Saturday, July 19, 2008

Copyright Quick Guide

We have written much on the subject of copyright and there is much more to write. The thorniest area is that which we referred to as the ‘grey area’, which lies between public domain and in print, in copyright and with full traceable ownership. To many this area of ambiguity is best left at it is – murky. To others it stops books being brought back into print and given a second chance. Establishing the rules is relatively easy establishing ownership is a lot more difficult.

The American Library Association (ALA) have produced a copyright slider to make it easier for their members to understand the rules on all materials. The slider shows that copyrighted works published without a copyright notice and created between 1923 and 1977 are in the public domain now. However, if published with copyright notice, they will be protected to at least 2018. However, even with a copyright notice, this only applies if they renewed after 28 years. Pretty clear there then! That is without the differences between US, UK and other countries!

The slider is available online and has been created by Michael Brewer at the University of Arizona. The ALA also offers a ‘Fair Use Checklist’ that applies the four criteria of use to provide guidance to determine on ‘fair use’. Personally we found it rose as many questions as it answered, but we supposed some clarity is better than none.

Copyright is the backbone of publishing and intellectual property. If the ALA have to produce guidance sheets for what are ‘professional information managers’ it begs the question of how authors and consumers have any idea what is public, what is fair use and the rules. As we enter an era where controls are passing from professional and institutions to anybody we have to question whether the rules can be either simplified or tracing copyright can become easier? Why haven’t we got an effective copyright clearance centre? Why isn’t copyright clearly accessible on all digital materials? How do we find about rights reversals, permissions and other issues if the basics are so ambitious?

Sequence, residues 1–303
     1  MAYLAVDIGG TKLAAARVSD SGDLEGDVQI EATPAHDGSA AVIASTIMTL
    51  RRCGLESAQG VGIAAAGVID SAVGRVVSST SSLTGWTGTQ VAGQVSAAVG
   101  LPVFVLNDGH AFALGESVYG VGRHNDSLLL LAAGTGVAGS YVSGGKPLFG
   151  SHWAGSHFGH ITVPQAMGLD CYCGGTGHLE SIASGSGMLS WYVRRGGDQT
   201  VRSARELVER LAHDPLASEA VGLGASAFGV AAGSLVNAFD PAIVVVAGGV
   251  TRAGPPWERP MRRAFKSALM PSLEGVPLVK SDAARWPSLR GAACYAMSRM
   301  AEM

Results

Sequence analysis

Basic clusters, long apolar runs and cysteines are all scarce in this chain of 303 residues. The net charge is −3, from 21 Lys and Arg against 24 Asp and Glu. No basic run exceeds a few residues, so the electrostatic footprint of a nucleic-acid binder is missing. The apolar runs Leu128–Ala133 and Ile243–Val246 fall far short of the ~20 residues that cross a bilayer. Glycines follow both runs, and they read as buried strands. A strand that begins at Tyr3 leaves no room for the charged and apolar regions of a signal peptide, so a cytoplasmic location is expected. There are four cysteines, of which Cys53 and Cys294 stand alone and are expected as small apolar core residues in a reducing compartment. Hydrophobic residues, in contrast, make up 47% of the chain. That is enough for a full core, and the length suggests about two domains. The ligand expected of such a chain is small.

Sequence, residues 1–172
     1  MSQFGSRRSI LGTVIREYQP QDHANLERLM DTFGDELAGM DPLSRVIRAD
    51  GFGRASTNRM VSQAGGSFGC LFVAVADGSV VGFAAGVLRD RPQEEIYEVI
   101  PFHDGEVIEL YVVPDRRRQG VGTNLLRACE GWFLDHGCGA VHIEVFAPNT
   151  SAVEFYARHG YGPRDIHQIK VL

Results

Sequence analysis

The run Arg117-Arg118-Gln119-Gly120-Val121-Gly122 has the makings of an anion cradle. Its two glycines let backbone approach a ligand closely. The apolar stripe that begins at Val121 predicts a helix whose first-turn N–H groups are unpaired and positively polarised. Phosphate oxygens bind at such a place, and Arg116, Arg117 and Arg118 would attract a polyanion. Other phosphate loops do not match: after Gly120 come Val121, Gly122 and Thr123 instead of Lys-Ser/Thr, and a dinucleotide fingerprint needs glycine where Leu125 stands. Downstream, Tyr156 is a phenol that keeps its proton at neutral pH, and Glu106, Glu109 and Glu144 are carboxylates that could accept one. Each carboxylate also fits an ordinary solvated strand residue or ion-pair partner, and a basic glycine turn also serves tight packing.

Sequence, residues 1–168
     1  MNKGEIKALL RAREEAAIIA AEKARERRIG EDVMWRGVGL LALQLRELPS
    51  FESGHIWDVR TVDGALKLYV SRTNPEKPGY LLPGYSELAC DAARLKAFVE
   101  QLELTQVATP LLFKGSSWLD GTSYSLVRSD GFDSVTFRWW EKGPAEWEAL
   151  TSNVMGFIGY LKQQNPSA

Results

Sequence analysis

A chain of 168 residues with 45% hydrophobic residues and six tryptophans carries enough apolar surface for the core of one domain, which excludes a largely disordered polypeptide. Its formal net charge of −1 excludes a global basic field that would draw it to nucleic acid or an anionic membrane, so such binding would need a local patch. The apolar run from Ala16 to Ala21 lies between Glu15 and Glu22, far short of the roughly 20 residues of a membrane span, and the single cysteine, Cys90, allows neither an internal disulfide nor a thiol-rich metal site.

Scan first ask later maybe is an understandable route for some!

1 comment:

Anonymous said...

I have to agree completley that, if copyright is confusing that attorneys and industry professional struggle with it, artists and the public at large have little hope.

The problem is that, for the most part, the issue of individuals being aware of copyright only became an issue within the last 20 years or so. Technologies only recently made it possible for users to copy on a scale likely to create a larger copyright issue and made it possible for them to publish on a scale where they were likely to be infringed.

I agree that it is time for a clean up and simplification of the copyright code, but it isn't likely to happen or help.

Any attempts to reform now have only muddied the waters even more and with international treaties slowing serious reform, it may be many decades before we see the change that we need to create a practical copyright system.

The best we can do right now is educate and hope...